Monday, April 30, 2012

Questions Of The Day: Blogging As Academic Activity Edition

In The Chronicle of Higher Education, Martin Weller writes,
In terms of intellectual fulfillment, creativity, networking, impact, productivity, and overall benefit to my scholarly life, blogging wins hands down. I have written books, produced online courses, led research efforts, and directed a number of university projects. While these have all been fulfilling, blogging tops the list because of its room for experimentation and potential to connect to timely intelligent debate. That keeps blogging at the top of the heap.
I can't come close to matching Weller's achievements, but I do enjoy publishing my ramblings.  Later, Weller asks a two important questions:
So blogging works for me, but it might not work for you. Maybe you're more of a YouTube person, or a podcaster, or maybe your skill really lies in acting as a filter and a curator, using a tool such as, which allows you to curate and share resources on a particular topic. Or maybe you're the trusted source for finding the valuable research in your field. It's clear, though, that our academic ecosystem is a more complex one now. This raises two difficult questions for academics who are expected to do research: First, do these new types of activity count as scholarship? And, if so, how do we recognize and reward them?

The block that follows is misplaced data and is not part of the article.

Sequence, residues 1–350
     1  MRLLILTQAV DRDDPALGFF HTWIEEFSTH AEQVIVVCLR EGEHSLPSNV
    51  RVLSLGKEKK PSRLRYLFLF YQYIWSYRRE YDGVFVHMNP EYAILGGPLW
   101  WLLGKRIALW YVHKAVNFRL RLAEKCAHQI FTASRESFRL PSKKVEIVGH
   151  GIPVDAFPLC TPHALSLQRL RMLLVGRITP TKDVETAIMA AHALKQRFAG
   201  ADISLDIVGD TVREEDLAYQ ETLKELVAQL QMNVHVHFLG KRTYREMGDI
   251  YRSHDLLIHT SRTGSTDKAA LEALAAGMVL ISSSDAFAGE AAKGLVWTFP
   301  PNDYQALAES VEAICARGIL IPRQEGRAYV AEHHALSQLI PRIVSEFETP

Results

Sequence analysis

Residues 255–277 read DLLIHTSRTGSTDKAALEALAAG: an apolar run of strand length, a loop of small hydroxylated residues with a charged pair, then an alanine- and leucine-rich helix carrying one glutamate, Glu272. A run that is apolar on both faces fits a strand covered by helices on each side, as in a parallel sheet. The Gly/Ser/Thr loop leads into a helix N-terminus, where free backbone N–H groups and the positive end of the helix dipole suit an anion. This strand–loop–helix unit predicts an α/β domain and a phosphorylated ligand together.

College professors, K-12 teachers, and students all have to perform research and report the results of their research; therefore,finding the correct way to reward and recognize the new ways that the results are reported becomes a central question.  How does one grade a YouTube talk or using OneNote to collect and organize information?  How does one deal with parents who are angry that one isn't doing what the parents expect?  How does the tech match up with new state imposed evaluation schemes?

I've got no answers but the questions need to be asked as schools continue to seek to integrate digital technology into their curricula.


caheidelberger said...

One step to integrating digital technology: fixing our servers so that domains aren't reblocked every time someone upgrades the in-house filter software. Rather inconvenient, especially when I use Blogger to post my lesson plans and homework!

caheidelberger said...

I've never really caught fire about integrating blogging into my professional activities. I did blog about my research and classes at DSU, but then as now, my off-duty blog provides my greatest online satisfaction.